The Fresno Bee March 23, 1923 Resort Underground Visitors Banned From Unique Caverns Driveway, Fifty Rooms By C. E. Good Baldasare Forestiere is a dreamer. He has worked with pick and shovel for the past fifteen years to bring into being a dream that he says will not be completed for another four years at least. Of twenty-two years spent in this country since coming from Italy, Ferestiere has been fifteen years within a few miles of Fresno, excavating what he plans shall be a subterranean garden and resort unequaled in the world. Working alone during his spare time, while cultivating more than seventy acres of surface area, Forestiere has excavated fifty rooms below ground and what seem to be miles of tunnels connecting these rooms, which are on several levels. Ban On Visitors Cherishing his work for its own interest, the driver under the earth begrudges every moment he spares to the curious. He has placed an unalterable ban on visitors until such a time as he is ready to open his workings to the public. "That time will be late in the summer, when the already roughed-out portion can be better finished." Each of the fifty rooms completed has a separate skylight over which will be placed an arbor of either grapes or fruit trees, so trained that fruit will hang over the opening. Auto Driveway The single piece of work of the greatest magnitude yet accomplished is a driveway for automobiles along which are deep niches in the walls for parking cars. This driveway when completed will extend from one end of the workings to the other and will provide a means whereby the visitor can enter in his automobile and not be obliged to touch the ground until such a time as the car is in the cool recesses of the cavern. No Idea Repeated Variety and originality of design are the predominating impressions left in the mind of the sightseer. In no two of the reception rooms is an idea repeated. In no place does the working out of the idea of the builder reach the monotonous. A fertile mind filled with ideas is expressed in every turn of the twisting tunnels. The man who has dreamed this dream and worked a large portion of it into fulfillment is an unusual person. His life history would be acceptable as a story of the strivings of an emigrant boy to an ideal. Money, he does not crave beyond enough to bring his plans to completion. Servitude, except to himself, he decries. Lover Of Liberty Forestiere left Italy when he was 21 years old because his father, a wealthy man, wanted to control the fortunes of his family and wanted to rule them with a stern hand. Forestiere wanted liberty. He came to this country and went to work as a tunneler under the city of Boston. He also aided in building the great Croton Aqueduct and the subway from New York to Jersey. Here, he says, his hopes of freedom and easy wealth were nearly blasted. He began to realize that in the world of the driver for wares, there is no freedom. He came to this valley. First he located near Muscatel. Here he dug a deep cellar to protect himself from the heat of the summer and the cold of the winter. Then he moved to his present place and duplicated his cellar residence. Subterranean Retreat Later, as the urge to dig the earth became greater, he began to think that the residents of Fresno and vicinity would relish a cool subterranean retreat from the heat of mid-summer. Then his work began. No plans were made. Every detail in the development of the underground gardens has originated in the brain of Forestiere and has never been set on paper. Gradually, he has evolved a comprehensive scheme that "will connect up into one of the most involved and yet delightful labyrinths of modern ages. Faced in many places with soft earth that caves in at the touch of the shovel, Forestiere has erected arches of hard sod without mortar, that have withstood the pressure of earth above for years. Where possible, the natural hardpan has provided a roof for the caverns. Vents or skylights, as yet uncovered, have not caused his place to be flooded in the rainy seasons. Every drop of water that strikes the floor goes on through in the lower earth without standing a moment. The earth floors are packed as hard and smooth in places as iron. Well With Caverns In one of the deeper caverns there is a well which has been dug as far as the water level and bored from there on. Near this well, also underground, is the gasoline engine that operated the pump and will provide a steady flow of water for an artificial lake with which it is planned the surface of a large part of the establishment will be adorned. Leading into the center of the lake will be a tunnel from the underground workings which willl allow visitors to ascent from the depths and enjoy boating and other aquatic sports. From Undergrounnd Digging into the earth is not the only accomplishment of Forestiere. He finds a great pleasure in controlling the natural output of the earth. In his caverns he has developed oranges and other citrus fruits to a remarkable degree. Some of the trees that provide the principal decoration for the reception rooms bear three varieties of fruit on separate branches. Oranges, lemons, and grapefruit, all perfect in form and flavor, hang on several trees in the workings. Here, the fruit hangs almost twice as long as on the surface. Frost never touches this region below the surface of the earth. Here the temperature very seldom changes over ten degrees the year around. Twenty Acres Twenty acres of ground will be honeycombed by the tunnels and rooms when the work is completed. At present more than half of that area has been mined. Among the many things planned and partially accomplished are: An automobile driveway and underground parking spaces, many small dining rooms to be served from a central kitchen, a ballroom, a small hotel with three floors, a subterranean lake and fish pond under which another room is located with the light to be furnished through the glass bottom of the lake, a surface lake, a series of architectural exhibits of grafting and other natures, numbers of reception rooms for parties and lounging room for those anxious to get away from the heat of the noonday sun. In researching (ie, Googling) the Underground Gardens, I found this:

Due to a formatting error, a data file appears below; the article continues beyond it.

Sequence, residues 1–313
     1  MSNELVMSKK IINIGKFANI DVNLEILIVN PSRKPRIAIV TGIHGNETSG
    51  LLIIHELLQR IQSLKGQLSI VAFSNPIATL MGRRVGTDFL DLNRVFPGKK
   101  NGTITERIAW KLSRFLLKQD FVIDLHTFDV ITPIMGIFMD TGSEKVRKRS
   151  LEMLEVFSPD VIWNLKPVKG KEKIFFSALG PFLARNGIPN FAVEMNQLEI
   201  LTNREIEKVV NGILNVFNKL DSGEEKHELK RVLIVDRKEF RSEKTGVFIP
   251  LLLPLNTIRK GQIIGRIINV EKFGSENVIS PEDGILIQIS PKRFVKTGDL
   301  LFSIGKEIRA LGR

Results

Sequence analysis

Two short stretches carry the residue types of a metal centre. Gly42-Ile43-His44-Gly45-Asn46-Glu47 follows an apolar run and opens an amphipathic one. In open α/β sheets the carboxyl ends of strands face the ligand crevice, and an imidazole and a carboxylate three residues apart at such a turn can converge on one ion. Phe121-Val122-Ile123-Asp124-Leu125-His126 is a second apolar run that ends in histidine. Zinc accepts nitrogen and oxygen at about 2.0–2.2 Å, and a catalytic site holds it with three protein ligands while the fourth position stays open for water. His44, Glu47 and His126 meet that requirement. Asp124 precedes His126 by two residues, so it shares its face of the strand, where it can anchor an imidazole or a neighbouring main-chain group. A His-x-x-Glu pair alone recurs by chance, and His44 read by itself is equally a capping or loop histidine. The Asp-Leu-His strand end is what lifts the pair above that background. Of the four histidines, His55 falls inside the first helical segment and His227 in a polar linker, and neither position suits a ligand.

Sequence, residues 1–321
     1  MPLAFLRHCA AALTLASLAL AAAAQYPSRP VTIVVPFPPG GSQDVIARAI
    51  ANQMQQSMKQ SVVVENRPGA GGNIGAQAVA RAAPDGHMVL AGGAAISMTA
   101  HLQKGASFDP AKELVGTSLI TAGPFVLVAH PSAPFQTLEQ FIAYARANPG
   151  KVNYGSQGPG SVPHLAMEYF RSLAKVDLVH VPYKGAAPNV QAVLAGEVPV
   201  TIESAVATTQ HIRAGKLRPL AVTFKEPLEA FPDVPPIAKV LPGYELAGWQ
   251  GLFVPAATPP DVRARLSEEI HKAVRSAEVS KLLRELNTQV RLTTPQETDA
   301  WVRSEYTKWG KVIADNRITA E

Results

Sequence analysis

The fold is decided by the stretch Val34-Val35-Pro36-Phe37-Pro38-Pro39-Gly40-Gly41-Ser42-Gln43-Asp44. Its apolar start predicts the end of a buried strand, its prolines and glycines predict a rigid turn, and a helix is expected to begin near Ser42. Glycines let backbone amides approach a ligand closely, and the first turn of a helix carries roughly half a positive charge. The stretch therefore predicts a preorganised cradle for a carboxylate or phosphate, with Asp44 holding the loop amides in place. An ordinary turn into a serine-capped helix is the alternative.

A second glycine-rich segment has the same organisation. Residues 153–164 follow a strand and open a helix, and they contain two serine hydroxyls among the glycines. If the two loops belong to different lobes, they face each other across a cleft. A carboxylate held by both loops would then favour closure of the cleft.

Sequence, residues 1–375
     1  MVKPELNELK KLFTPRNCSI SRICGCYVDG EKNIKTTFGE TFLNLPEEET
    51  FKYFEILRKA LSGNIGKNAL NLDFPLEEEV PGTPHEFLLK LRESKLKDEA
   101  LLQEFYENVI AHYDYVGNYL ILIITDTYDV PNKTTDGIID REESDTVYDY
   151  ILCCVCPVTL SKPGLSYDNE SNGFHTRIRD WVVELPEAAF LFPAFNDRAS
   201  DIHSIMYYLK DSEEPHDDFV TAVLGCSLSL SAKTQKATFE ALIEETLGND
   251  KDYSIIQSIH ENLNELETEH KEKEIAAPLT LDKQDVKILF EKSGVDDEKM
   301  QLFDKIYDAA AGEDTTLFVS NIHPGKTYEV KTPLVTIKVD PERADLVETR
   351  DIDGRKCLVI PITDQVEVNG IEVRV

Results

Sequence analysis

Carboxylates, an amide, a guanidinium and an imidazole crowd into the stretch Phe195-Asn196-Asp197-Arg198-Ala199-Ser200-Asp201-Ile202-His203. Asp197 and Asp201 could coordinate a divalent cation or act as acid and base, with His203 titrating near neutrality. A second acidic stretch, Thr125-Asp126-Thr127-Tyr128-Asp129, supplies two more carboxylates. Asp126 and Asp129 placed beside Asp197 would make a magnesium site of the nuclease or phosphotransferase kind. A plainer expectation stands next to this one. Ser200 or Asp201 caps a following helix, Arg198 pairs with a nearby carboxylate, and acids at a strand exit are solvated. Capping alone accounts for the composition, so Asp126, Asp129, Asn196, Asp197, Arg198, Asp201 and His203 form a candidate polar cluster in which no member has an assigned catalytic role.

This shows the types of earth Forestiere had to work through.